This e mail is wicked cool! It was started by Microsoft to test it’s e mail tracking system because, you know, a big high tech company like Microsoft always sends important new software out over the internet to be available to any moron who can operate a computer, right? Plus, they have formed a secret merger with Disney Corp., who has agreed to give up millions of dollars in revenue by giving everyone who reads this e mail, passes it on, looks at it, knows someone that looked at it, or is related to someone who is a friend of someone who looks at it A FREE, ALL EXPENSES PAID TRIP to Disneyland, Disney World, or Euro Disney! So pass this on to everyone you know that is gullible enough to believe this (or not)!
Even if it’s not true, hey insulting all of your friends by implying that they are gullible by sending this to them is worth the improbable chance that you could go to Disneyland! Even if you lose all of your friends because they are tired of receiving this kind of junk from you, it’s worth the chance, right?
And just for good measure, if you don’t send this on, Microsoft will send its specially trained attack goats to pilfer your house and eat all of your family, SO SEND IT ON!!!!!
Chain Letter Type 6: Virus Warning
VIRUS WARNING!!! If you receive an email entitled “Badtimes” delete it immediately.
Do not open it. Apparently this one is pretty nasty. It will not only erase everything on your hard drive, but it will also delete anything on disks within 20 feet of your computer.
It demagnetizes the stripes on ALL of your credit cards.
It reprograms your ATM access code, screws up the tracking on your VCR and uses subspace field harmonics to scratch any CD’s you attempt to play.
It will re-calibrate your refrigerator’s coolness settings so all your ice cream melts and your milk curdles.
It will program your phone AutoDial to call only your mother-in-law’s number.
So be careful! Forward this to all of your friends, relatives, neighbors, family, enemies, plumbers, garbage men, stock brokers, doctors, and any other acquaintances! It’s for their own good! Thank you.
Chain Letter Type 7: Meaningless Picture
Here is a cute picture I drew.
It is a decapitated angel. Send it on to all of your friends so it will brighten their day like it did yours! If you don’t, demon possessed goats will move into your house and eat all of your socks, leading you to believe that something is wrong with your washing machine because all of your socks keep disappearing.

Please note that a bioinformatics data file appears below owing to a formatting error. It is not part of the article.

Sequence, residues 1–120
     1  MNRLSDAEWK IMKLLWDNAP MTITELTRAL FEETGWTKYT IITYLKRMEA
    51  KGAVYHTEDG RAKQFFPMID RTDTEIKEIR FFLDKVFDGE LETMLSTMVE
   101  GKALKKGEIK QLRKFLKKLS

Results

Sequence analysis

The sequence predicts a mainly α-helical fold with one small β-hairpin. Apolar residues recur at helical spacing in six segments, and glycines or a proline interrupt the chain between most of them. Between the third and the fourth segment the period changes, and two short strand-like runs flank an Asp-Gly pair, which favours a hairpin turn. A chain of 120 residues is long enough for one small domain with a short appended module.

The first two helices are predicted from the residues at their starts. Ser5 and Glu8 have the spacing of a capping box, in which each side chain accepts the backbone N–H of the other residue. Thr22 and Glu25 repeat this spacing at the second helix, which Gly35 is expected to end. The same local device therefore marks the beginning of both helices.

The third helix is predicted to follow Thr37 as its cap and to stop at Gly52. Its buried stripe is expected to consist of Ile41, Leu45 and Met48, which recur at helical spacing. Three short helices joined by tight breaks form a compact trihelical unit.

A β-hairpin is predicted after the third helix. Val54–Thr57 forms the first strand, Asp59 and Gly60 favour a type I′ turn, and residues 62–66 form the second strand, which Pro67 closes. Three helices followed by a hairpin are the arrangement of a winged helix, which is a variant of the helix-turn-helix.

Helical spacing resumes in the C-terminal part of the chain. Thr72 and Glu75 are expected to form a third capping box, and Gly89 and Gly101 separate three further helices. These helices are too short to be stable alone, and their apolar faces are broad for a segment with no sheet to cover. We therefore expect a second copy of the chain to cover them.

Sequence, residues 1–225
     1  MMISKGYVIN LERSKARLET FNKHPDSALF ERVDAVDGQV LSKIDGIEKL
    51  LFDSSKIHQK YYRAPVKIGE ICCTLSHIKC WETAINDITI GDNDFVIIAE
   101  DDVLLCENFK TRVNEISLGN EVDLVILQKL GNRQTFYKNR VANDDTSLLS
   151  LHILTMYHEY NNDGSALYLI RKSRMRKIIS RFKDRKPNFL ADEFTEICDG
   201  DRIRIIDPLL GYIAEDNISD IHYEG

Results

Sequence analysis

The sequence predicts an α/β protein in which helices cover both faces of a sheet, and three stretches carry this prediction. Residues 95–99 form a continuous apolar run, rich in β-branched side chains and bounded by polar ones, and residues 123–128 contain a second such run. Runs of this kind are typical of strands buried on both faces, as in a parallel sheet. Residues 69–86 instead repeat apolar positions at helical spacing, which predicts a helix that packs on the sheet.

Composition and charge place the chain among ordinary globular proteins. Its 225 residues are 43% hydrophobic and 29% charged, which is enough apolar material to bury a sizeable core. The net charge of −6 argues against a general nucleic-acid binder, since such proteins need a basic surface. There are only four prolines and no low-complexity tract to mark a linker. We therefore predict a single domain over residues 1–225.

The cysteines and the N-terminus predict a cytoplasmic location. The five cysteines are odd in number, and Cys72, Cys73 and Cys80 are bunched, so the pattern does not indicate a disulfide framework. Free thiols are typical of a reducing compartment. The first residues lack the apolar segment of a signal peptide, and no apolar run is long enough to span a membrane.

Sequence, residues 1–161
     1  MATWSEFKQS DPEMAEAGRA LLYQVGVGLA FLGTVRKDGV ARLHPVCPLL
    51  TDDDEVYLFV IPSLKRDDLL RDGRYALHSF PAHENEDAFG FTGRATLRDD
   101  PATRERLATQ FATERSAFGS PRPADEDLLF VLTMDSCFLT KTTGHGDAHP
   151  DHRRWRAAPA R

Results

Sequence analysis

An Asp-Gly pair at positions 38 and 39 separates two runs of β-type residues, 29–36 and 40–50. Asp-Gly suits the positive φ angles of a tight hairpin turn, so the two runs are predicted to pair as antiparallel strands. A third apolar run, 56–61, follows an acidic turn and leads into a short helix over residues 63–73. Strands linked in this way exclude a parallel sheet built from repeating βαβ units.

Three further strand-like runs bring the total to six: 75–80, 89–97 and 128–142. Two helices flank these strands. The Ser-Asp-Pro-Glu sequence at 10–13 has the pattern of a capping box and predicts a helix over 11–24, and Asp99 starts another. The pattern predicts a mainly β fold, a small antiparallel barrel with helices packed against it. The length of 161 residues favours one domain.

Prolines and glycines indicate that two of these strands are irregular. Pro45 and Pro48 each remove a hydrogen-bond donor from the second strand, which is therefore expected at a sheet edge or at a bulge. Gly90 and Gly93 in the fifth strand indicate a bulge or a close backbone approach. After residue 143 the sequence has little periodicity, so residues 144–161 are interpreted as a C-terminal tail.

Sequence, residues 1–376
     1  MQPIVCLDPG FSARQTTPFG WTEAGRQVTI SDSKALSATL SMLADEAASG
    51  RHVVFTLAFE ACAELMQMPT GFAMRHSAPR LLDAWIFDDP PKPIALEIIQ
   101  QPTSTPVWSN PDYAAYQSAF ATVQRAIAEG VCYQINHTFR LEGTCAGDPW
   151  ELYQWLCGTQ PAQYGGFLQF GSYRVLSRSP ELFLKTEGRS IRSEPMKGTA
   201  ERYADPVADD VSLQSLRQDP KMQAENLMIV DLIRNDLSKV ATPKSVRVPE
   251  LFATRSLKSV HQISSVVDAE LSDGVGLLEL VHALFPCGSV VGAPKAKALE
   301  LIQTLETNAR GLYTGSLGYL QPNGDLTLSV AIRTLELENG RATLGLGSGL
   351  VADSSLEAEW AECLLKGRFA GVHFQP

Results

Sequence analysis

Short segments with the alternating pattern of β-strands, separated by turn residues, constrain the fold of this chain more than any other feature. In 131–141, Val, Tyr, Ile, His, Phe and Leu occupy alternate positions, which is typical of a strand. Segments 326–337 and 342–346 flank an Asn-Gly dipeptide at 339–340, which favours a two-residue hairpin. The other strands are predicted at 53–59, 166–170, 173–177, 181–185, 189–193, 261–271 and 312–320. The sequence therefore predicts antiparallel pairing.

Have a nice day!!!
Remember, the moral of the story is, if you get a chain letter, ignore the stupid thing. [Edit for 2020: Especially if it involves sending money or sensitive information to someone you don’t know!]
If it’s a joke or something, send it, sure, but if it’s gonna make people feel guilty (i.e. the goatless boy from Baklaliviatatlaglooshen) or nervous (i.e. Miranda Pinsley who ended up in a waterfall of turds) just delete it.
Do yourself a favor, and everyone else in the world, and say, “DEATH TO CHAIN LETTERS!”
Except this one of course. This one must be sent on to 4,170 people in the next 15 seconds or you’ll be eaten by wild goats.
People have hated chain mail since its inception:
On the other hand, there is an entire subreddit dedicated to the kind of mindless trash that fills your inbox or WhatsApp or Messenger, r/forwardsfromgrandma. To this day there are people in my circles who send me the most idiotic things – political screeds, conspiracy theories, pseudoscientific garbage, or random bits of inane humor – despite my begging them to stop. There’s no getting through to these people. So many of these things could be easily put to bed with a 10-second Google search, but they can’t be bothered.
I can’t count the number of times I have been warned about a program that will “open an olympic torch that will burn the entire hard disc C” of my computer.
For some reason, many people seem resistant to education, so there’s probably no way to stop the flood of self-replicating messages on Facebook and other platforms. But over time I’ve learned a couple of discernable red flags that something you’re being sent is bogus:
If the message exhorts you to “send this to everyone you know” … just don’t.
If the message says “Snopes confirms this is true!” the odds are that it is completely bogus. Don’t forward it, trash it. A quick Google search is usually sufficient to confirm that the message is a self-replicating hoax.
If the information you’re being sent and asked to share outrages you, check it. Many people forward things that make them angry, thinking that they are doing something to mitigate a problem. In most cases, the information being spread is completely false, taken out of context, or badly misrepresented.
If you want to be metal AF, you could respond with something like this, but in today’s environment you had better be able to read your audience or your next visit might be from the FBI.
Knowing humanity, this kind of thing will probably never disappear entirely, but continuing education will serve to reduce the flood to a manageable level.
Share this blog post with everyone you know. ¹
The Old Wolf has spoken.
¹ That’s a joke, people. Of course I like increased engagement, but you’re not obliged to share anything you read here with anyone, unless you really think it has value.